Belfast rape trial: Week three evidence focused on before and after
Six women gave evidence after the complainant
Evidence during week three of the rape trial of Ireland and Ulster rugby players Paddy Jackson and Stuart Olding focused on what happened directly before and after the alleged incident as well as the demeanour of the complainant over the following days.
When the now 21-year-old Belfast student finished her evidence on Tuesday morning, after eight days in the witness box, she was followed by six female witnesses. Three of these women had been party guests at Mr Jackson’s home on the night of alleged rape.
The other three were friends of the alleged victim who interacted with her in the days after the incident and found her to be in a distressed state and not herself.
Mr Jackson (26) and Mr Olding (24) deny one count of rape of the woman at Mr Jackson’s house on June 26th, 2016. Both men contend the activity was consensual.
Blane McIlroy (26) denies one count of exposure while Rory Harrison (25), from Manse Road, Belfast, pleaded not guilty to perverting the course of justice and withholding information relating to the incident.
The three women who went back to the house-party in Mr Jackson’s house after a night out in Ollie’s nightclub all gave evidence they felt safe in the house and saw nothing to cause them concern.
Claire Matthews, who was at the party with her friends Dara Florence and Emily Docherty, described a a “chilled” atmosphere at the house with “a few drinks and some music”.
Of the complainant she said, “I’d say she had been drinking too but not considerably a lot.”
She said she was trying to include the woman because she was on her own and she felt sorry for her.
At about 4am she and Ms Florence decided to leave and went to find Ms Docherty. Ms Florence told the trial she heard moaning noises coming from a bedroom.
She said she entered the room and saw Mr Jackson having sex with the complainant. She said the complainant had her head somewhere around Mr Olding’s “middle.”
Ms Florence said she saw the woman turn her face away from her. She said Mr Jackson asked her if she wanted to “join in”. She said no and closed the door.
She told the trial she walked in on a “threesome”, not a rape. There was nothing about what she saw to indicate a lack of consent on the part of the complainant, she said. She added there was also nothing to indicate “positive consent” during the brief period she witnessed the sexual activity.
Both women then got in a taxi home, leaving Ms Docherty asleep on a couch. They both said they had no concerns about leaving their friend in the house.
Ms Docherty gave evidence that when she awoke the next morning Ms Florence rang her and told her about the “threesome”. Ms Docherty asked Mr Jackson about this.
“He just shook his head and just said no, nothing happened. I thought he knew what I was talking about but because he shook his head I didn’t pursue anymore,” she said.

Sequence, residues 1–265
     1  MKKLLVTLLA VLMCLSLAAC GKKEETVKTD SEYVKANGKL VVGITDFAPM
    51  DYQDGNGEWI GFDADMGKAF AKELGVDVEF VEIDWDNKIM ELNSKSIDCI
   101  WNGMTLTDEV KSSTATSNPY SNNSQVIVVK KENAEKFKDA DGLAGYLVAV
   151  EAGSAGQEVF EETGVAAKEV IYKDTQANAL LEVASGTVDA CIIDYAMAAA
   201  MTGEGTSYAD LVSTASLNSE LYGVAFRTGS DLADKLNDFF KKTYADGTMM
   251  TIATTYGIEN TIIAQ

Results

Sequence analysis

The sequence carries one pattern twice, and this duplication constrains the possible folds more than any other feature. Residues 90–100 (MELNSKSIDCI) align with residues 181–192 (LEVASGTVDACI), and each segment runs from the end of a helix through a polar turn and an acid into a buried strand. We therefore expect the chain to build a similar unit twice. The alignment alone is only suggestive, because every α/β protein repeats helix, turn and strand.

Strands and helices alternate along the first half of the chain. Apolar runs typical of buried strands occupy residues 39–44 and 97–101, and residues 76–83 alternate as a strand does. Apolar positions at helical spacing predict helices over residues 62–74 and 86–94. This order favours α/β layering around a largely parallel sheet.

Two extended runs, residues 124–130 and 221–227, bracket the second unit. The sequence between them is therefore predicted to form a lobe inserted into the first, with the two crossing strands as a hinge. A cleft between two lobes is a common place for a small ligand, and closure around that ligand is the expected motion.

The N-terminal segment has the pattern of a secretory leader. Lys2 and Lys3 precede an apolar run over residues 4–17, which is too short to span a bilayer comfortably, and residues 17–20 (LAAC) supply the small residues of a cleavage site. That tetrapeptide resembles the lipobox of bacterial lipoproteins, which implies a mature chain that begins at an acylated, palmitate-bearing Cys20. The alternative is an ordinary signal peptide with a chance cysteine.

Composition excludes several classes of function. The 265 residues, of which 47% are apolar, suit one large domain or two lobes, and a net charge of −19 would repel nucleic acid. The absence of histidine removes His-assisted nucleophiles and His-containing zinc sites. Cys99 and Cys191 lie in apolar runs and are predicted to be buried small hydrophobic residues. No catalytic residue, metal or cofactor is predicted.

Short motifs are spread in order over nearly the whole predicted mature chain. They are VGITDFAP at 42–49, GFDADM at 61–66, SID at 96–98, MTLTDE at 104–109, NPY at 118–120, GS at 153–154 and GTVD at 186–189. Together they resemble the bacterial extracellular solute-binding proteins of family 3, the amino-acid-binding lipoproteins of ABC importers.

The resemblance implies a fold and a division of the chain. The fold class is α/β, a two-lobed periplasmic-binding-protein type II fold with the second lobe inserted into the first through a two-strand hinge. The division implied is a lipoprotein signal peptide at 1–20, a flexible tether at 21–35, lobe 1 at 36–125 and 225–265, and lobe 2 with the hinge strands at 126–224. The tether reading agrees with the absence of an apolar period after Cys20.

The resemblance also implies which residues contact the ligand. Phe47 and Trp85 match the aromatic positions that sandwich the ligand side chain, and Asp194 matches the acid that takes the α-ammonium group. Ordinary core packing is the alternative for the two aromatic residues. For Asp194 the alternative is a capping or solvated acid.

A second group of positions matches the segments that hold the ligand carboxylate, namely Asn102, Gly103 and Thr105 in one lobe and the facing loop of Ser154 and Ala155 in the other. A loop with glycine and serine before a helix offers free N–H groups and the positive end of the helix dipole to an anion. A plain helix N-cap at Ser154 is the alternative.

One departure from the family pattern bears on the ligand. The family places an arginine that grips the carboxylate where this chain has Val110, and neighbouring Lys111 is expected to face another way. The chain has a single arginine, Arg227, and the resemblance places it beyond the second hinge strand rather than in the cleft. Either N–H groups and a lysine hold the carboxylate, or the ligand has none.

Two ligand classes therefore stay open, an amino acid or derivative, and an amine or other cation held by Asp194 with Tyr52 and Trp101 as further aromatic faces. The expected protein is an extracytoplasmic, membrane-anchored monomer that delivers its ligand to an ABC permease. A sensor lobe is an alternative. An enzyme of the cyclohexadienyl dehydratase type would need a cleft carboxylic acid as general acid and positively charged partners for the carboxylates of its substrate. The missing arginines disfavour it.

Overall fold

On Thursday friends of the complainant, who cannot be named to protect her identity, gave evidence. One of these women had been out with her the night in Ollie’s nightclub but did not go back to Mr Jackson’s house.
Much of the day’s evidence was taken up with a text conversation between the two women two weeks before the alleged rape in which they generally discussed the issue of reporting sex crime.
The friend stated she wouldn’t report it if she was raped but would deal with the matter herself by “stabbing” or “blackmailing” her attacker. This was meant as a joke, she told counsel.
Asked by counsel why she wouldn’t go to police, the witness replied: “Because of what’s happening in this room. It’s daunting, quite horrible and you get blamed. It’s a distressing process”.
The witness also said she had never seen the complainant as upset as she was when she picked her up in her car the day after the alleged rape. The complainant got in, hugged her and started crying, she said.
She had known her friend for a long time and had seen her through “sad” incidents before but she had never seen her like this, she said. Her friend had always kept her composure and been “verbally strong”.
“For her to just get in the car and not stop crying. I didn’t know how to respond. That shook me.
Her two other friends gave similar evidence with one stating: “She looked physically unwell. I’d never seen her cry before and I’ve always known her to be private with her emotions.”
It was this friend who convinced the complainant to go to police the day after the alleged rape, the trial heard. The woman was initially reluctant to “go up against” Ulster rugby, the trial heard.
There was also evidence from the taxi driver who picked the complainant up from the party in the early hours. She was accompanied by Mr Harrison who appeared to be holding her head and comforting her. She sobbed throughout the journey, he said.
According to the driver, at one point Mr Harrison made or received a phone call on which he said: “She is with me now. She is not good. I’ll call you in the morning.”
The trial also heard from the PSNI officer who took the woman’s initial statement on the evening of June 29th. She initially refused to name the men, telling him only they were “high profile.” However the officer was able to correctly guess they were from Ulster rugby as his own daughter had told him the team was in Ollie’s that night.
The woman later specifically identified the men as Mr Olding, Mr Jackson and Mr McIlroy.
The trial, which is before Judge Patricia Smyth, is now moving onto the final stage of the prosecution’s case. On Tuesday, the jury will continue hearing from police witnesses before being read the accused’s statements of interview.
It is expected the prosecution case will conclude by Thursday. The defence will then indicate if it intends to call any evidence.